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Charter school leaders would have to publicly disclose if they have a family or business connection to the owners of their school building under a new proposal in the Indiana Statehouse.
It’s the latest call for charter school oversight and transparency following federal charges that could mean decades in prison for the former leaders of the Indiana Virtual School and Indiana Virtual Pathways Academy.
The operators of the now-closed schools allegedly inflated the enrollment by thousands of students and accepted more than $44 million in state funding, according to a federal indictment filed earlier this month. The state money was allegedly funneled through several for-profit companies owned by the schools’ founder, Thomas Stoughton, and then paid out to himself, his family, former IVS and IVPA Superintendent Percy Clark, and others, the indictment said.
A Chalkbeat Indiana investigation in 2017 found ballooning enrollment and conflicts of interest at the two schools, among other problems. A lawsuit from Indiana Attorney General Todd Rokita to recoup $154 million in state funds from school leaders and others is ongoing as well.
The proposal to beef up charter oversight is an amendment to House Bill 1243, which addresses various education topics. The amendment says that a charter school shall annually post on its website “information for the immediately preceding school year regarding whether there is a familial or business relationship between the organizer, owner, or operator of the charter school and the owner of the charter school’s building.”
The amendment was authored by Democratic state Rep. Ed DeLaney, who represents Indianapolis. The bill — which includes DeLaney’s amendment — passed the House Wednesday and now goes to the Senate.
“It is clear that we need to tighten reporting requirements on the financial activities of charter schools,” DeLaney said in a statement Tuesday after his amendment was added to the bill.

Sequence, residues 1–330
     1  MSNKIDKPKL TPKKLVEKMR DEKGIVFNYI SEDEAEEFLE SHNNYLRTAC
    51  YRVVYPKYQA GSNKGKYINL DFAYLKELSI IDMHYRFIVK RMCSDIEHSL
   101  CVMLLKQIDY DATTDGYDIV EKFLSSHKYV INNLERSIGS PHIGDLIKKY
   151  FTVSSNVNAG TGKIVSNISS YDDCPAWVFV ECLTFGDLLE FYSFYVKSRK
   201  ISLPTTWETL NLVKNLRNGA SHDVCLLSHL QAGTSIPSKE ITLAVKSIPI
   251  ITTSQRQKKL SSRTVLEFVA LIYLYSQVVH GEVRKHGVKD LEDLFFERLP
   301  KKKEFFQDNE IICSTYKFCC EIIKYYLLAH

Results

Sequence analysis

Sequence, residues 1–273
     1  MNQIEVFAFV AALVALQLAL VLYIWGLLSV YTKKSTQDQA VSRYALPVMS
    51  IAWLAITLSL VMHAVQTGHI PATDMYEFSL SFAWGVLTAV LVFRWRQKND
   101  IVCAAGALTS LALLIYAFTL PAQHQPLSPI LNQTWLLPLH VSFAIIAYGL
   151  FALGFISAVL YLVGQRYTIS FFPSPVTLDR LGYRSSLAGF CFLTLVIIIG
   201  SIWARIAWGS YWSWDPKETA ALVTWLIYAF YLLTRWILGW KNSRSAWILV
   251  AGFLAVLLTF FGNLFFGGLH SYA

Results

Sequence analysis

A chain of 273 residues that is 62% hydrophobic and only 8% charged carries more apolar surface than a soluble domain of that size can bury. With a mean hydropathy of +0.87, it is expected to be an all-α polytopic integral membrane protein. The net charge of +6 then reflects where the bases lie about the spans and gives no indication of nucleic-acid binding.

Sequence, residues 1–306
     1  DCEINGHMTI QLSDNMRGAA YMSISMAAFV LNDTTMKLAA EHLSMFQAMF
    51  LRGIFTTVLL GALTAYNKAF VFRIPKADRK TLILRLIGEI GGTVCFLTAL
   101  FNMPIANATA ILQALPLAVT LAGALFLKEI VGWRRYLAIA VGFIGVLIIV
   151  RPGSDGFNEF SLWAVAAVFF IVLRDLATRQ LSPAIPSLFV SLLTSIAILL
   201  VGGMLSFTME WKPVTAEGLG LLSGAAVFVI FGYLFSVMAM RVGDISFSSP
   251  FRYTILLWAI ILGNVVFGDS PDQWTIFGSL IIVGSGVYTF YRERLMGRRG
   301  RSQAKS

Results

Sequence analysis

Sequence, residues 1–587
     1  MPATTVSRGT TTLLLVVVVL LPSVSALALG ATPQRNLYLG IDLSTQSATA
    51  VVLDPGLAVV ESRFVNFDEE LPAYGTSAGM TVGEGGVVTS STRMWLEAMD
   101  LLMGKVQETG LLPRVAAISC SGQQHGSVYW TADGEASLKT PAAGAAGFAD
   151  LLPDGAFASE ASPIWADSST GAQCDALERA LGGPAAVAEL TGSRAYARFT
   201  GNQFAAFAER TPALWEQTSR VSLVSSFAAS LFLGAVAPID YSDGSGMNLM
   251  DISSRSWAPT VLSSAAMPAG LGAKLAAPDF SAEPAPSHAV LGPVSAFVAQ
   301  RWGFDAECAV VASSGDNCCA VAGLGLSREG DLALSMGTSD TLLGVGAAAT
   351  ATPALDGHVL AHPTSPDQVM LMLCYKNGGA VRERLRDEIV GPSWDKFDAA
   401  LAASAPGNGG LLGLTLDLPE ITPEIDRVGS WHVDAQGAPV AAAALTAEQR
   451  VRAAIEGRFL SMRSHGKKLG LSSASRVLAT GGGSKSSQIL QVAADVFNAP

He said the amendment is part of his “step-by-step” approach to require more oversight of charter schools, especially as they grow, and to fight against misuse of public money.
He pointed out that if a school district rented a school building from or contracted with the family member of the superintendent, that would be wrong, and the same goes for charters, given that they are public schools and use public funds.
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“We must require transparency so the public knows who is benefitting from rent for the buildings that charter schools are using,” DeLaney said in his statement.
DeLaney is one of several lawmakers who’ve called for more oversight and transparency from charter schools and their leaders.
Sen. Andrea Hunley, a Democrat who represents parts of Indianapolis, filed a bill about charter authorizers, which approve or reject applications for new charter schools. They are also tasked with providing the kind of oversight that elected school boards handle for traditional public schools.
Hunley’s bill would restrict the power to approve and oversee new charter schools in Indianapolis to two government authorizers: the Indiana Charter School Board and the Indianapolis Charter School Board. That would halt charter authorizing in the city by other groups, including authorizers housed at Ball State University and Trine University.
Hunley’s bill follows a Chalkbeat Indiana report on charter school accountability that found roughly a third of brick-and-mortar or blended-model charter schools in Marion County have closed since 2001.
However, the bill, SB 173, is unlikely to advance. It was referred to the Senate education committee, but is not on the agenda for the committee’s last scheduled meeting before the deadlines for bills to advance out of their respective chambers.
MJ Slaby oversees Chalkbeat Indiana’s coverage as bureau chief. She also covers access to higher education and Warren Township Schools. Contact MJ at firstname.lastname@example.org.